What is the Currency of Barbados?

By Victor Rotich on August 1 2017 in Economics

A Barbadian banknote.

The official currency in Barbados is the Barbadian dollar which has been used since 1935. Presently, its ISO 4217 code is BBD. The abbreviation for the Barbadian Dollar is “$,” or sometimes, to avoid confusion with other currencies having dollar denominations, it is “BDs$.” The subdivision of the Barbadian dollar is 100 cents. According to Standard $ Poor’s, the international rating of the Barbadian dollar on on October 22, 2010 was “BBB-/A-3.”

History of Barbadian dollar

The history of Barbadian dollar goes alongside that of the Eastern Caribbean territories in Britain. The large portion of currency that was circulating during the late nineteenth century was the silver pieces of eight. The silver pieces of eight were initially the Spanish dollars and Mexican dollars. In 1821, there was the adoption of the gold standard in Britain. In 1848, Barbados adopted the British sterling following the imperial order-in-council in 1838. In 1873, there was an international crisis of silver which led to the demonetization of the silver piece of eight that was still circulating alongside the British coins in Barbados. The demonetization took place in 1879, and resulted in the conversion rate of 4 shillings 2 pence a dollar. The first dollar denomination currency in Barbados was the banknotes and was introduced in 1882. The dollar did not have any subdivisions and it circulated alongside the sterling and the 1 pound notes that the government issued in 1917. There were also private notes with sterling denominations which began to circulate from 1920 with the conversion rate of 4 shillings 2 pence a dollar.

The official tie of the Barbados currency with the ones of Eastern Caribbean territories of Britain took place from 1949, following the introduction of the British West Indies dollar. The government of Barbados gave out the paper money dollar denominations between 1938 and 1949. In 1955, there was the introduction of a decimal coinage which replaced the British sterling coinage. There was also a replacement of the British West Indies dollar by the East Caribbean dollar in 1965.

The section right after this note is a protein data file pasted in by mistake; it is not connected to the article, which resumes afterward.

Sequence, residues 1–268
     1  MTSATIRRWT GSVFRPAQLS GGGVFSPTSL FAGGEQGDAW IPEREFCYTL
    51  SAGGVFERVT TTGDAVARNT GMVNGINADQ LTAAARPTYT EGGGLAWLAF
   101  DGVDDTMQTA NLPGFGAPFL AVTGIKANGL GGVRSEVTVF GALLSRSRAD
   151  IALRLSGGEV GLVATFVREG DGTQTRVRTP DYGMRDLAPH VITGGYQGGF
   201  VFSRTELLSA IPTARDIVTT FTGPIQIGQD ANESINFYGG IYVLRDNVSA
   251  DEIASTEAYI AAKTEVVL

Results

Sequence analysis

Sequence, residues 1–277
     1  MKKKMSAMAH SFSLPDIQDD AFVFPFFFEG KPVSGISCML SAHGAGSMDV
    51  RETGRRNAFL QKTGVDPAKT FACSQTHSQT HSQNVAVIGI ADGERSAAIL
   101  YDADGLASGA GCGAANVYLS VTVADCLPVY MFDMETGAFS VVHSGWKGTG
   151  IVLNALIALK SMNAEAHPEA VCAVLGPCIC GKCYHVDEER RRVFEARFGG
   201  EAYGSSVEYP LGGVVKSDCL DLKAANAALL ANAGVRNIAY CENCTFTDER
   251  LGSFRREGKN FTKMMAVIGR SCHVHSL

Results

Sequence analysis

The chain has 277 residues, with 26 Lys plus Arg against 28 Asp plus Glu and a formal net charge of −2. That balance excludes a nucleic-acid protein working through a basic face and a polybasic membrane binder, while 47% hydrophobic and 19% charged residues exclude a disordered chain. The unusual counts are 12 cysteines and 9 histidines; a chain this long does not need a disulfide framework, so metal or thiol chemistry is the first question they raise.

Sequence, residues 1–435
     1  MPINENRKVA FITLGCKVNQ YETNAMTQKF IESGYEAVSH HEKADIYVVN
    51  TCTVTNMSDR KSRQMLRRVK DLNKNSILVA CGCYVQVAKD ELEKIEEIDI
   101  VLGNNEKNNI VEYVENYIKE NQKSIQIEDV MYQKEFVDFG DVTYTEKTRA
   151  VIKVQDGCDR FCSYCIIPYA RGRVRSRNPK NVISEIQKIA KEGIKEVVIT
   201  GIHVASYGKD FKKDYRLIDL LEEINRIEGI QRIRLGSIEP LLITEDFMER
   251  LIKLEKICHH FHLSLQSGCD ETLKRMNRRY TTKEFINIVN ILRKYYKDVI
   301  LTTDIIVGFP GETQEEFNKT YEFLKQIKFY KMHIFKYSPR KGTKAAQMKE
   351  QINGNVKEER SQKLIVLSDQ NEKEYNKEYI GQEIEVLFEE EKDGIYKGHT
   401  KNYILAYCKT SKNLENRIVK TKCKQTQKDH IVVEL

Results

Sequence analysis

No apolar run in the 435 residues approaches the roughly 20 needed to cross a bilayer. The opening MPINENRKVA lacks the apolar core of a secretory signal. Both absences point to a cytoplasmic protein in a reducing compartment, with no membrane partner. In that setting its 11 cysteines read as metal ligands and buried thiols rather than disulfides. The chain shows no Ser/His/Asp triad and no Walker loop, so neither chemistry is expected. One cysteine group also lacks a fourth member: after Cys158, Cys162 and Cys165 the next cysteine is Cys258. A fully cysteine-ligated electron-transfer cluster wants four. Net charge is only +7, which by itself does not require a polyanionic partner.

The Central Bank of Barbados created the Barbadian dollar in May 1972. The dollar replaced the East Carribean dollar in 1973 and was pegged to the US dollar from July 5, 1975, with the conversion rate of two Barbados dollar for one US dollar.

Coins of the Barbadian dollar

The first coinage of the Barbadian dollar after the currency’s introduction in 1973 was in the denominations of 1¢ which was struck in bronze until 1991 and copper plated zinc afterward, 5¢ which was struck in brass, 10¢, 25¢, and $1. The 10¢, 25¢, and $1 denominations were struck in cupronickel.

Barbadian Dollar Banknotes

The first banknotes of 5 dollars were introduced in 1882 by the Colonial Bank. Later, in 1920, the bank issued 20 and 100 notes while the Barclays Bank which took over the Colonial Bank introduced the 5, 20 and 100 dollar notes in 1922. However, in 1940, issuance of the 5 dollar notes continued until 1949 while other denominations stopped production. The banknotes that are circulating currently are the 2, 5, 10, 20, 50, and 100 dollar notes.

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